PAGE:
For more than one year, the International Organization for Migration has been providing critical humanitarian assistance to thousands of Ethiopian migrants stranded in Yemen who want to return home.
The agency so far has managed to repatriate more than 6,000 migrants. Thousands more are waiting to return, but the International Organization for Migration says, except for a lucky few, it cannot help them because it has run out of money.
IOM spokeswoman Jemini Pandya says thanks to some emergency funding from Saudi Arabia and Japan, the agency will be able to charter three planes to help another group of migrants return home to Ethiopia soon.
“We have had 1,000 migrants travel-ready for some time now, but until we received the stop-gap funding from Saudi Arabia and Japan, we have not been able to take them home,” she said. “In the next few days and weeks, we will be able to help most of them through these three charter flights. Among them are unaccompanied minors and medical cases. And, these medical cases include migrants who have suffered torture at the hands of smugglers, mainly through gunshot wounds or broken limbs.”
The International Organization for Migration is urgently appealing for $2.5 million to assist an additional 6,000 Ethiopian migrants to return home.
In the past year, nearly 18,300 Ethiopian migrants have been registered in the northern Yemeni town of Haradh on the border with Saudi Arabia. Many were returned by Saudi Arabia because of their illegal status.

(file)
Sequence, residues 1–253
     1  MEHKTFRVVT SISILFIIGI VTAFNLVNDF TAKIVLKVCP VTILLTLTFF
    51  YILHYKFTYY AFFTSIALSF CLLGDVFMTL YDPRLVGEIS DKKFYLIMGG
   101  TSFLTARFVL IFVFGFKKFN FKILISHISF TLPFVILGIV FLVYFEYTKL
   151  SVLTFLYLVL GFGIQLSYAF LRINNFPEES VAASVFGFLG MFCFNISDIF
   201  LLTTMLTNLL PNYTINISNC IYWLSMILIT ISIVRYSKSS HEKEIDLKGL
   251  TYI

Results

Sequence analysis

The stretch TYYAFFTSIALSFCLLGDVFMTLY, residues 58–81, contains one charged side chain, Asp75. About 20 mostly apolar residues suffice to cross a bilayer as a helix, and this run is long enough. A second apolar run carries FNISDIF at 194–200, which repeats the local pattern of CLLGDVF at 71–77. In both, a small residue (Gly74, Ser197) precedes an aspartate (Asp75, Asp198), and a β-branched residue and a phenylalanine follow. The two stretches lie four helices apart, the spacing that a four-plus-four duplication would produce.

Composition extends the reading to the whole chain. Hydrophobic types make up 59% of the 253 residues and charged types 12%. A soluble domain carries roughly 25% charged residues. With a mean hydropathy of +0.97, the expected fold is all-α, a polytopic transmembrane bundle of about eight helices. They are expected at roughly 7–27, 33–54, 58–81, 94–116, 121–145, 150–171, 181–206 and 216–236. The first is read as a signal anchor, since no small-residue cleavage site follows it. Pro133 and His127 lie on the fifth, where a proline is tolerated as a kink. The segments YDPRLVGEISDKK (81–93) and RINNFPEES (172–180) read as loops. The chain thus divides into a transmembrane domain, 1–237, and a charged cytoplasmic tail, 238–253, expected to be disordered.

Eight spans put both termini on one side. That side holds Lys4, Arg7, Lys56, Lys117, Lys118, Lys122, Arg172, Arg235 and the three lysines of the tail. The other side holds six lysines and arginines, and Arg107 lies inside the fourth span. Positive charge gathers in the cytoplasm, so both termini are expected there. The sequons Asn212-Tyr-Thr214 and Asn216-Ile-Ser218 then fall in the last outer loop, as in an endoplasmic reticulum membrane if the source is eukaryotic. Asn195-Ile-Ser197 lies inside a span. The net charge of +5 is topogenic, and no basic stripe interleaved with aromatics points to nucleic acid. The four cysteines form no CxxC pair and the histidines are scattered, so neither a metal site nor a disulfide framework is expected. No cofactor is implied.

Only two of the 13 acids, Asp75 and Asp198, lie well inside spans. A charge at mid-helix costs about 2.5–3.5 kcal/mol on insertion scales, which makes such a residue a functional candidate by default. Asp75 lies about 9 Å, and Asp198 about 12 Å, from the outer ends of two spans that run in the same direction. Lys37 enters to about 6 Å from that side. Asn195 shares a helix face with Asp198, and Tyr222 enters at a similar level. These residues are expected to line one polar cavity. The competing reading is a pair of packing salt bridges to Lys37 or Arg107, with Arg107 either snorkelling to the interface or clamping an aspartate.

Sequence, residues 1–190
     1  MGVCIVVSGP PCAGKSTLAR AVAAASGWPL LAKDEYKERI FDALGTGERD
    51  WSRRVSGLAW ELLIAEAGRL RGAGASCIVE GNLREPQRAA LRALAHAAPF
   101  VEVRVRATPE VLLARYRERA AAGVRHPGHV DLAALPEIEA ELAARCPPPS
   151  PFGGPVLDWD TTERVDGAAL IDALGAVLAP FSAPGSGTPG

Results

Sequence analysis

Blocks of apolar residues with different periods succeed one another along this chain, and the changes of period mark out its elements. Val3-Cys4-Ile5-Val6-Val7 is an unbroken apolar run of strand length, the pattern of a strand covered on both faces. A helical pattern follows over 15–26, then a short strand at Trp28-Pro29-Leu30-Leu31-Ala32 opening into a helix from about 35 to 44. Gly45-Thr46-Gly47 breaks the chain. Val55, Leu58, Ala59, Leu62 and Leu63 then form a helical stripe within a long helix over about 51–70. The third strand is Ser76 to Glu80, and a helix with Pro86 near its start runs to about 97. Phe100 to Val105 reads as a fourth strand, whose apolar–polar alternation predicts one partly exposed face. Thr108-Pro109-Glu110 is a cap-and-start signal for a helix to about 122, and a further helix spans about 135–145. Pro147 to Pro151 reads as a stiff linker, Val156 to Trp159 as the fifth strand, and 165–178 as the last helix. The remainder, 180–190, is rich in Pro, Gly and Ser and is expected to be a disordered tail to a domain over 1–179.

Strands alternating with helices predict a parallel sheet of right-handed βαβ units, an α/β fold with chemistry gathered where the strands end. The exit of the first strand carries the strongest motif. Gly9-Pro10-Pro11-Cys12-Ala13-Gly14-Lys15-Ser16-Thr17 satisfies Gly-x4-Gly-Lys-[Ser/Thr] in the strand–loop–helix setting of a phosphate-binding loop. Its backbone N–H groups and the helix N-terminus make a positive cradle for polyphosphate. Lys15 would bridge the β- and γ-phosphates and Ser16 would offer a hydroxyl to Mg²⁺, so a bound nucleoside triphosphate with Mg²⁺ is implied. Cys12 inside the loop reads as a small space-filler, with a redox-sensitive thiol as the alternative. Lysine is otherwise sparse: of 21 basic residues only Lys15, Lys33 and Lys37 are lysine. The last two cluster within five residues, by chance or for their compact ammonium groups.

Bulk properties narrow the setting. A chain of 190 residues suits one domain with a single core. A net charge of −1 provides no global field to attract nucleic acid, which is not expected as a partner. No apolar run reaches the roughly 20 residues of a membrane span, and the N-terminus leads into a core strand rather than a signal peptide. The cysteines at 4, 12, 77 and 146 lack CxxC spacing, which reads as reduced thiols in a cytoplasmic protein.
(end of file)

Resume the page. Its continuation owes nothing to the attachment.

Every year, tens of thousands of desperate Ethiopians make the perilous journey across the Gulf of Aden to Yemen. They head toward Saudi Arabia in hopes of finding jobs in the Middle East.
Pandya says the vast majority of migrants are living in open, unprotected spaces in the town center without access to food, water, sanitation, shelter, or the means to earn money. She says the instability in Yemen has further marginalized the migrants.
“They have been made even more vulnerable by allegations that they have been recruited by opposing factions to fight,” said Pandya. “Their exhausting ordeal, their exposure to the elements without adequate nutrition and sanitation and their exposure to violence means that many migrants are suffering from diseases and illnesses, from snake bites and are showing signs of mistreatment from smugglers and traffickers. And these include severe burns, broken limbs, gunshot wounds and other physical and sexual assaults.”
The International Organization for Migration reports at least 30 migrants in Haradh have died in the past month, although it believes that figure is probably higher. The agency says the situation is critical and will only get worse the longer the migrants remain stranded along the Yemeni-Saudi Arabian border.
The organization is repeating its call to donors for more money so it can get the Ethiopian migrants home as soon as possible.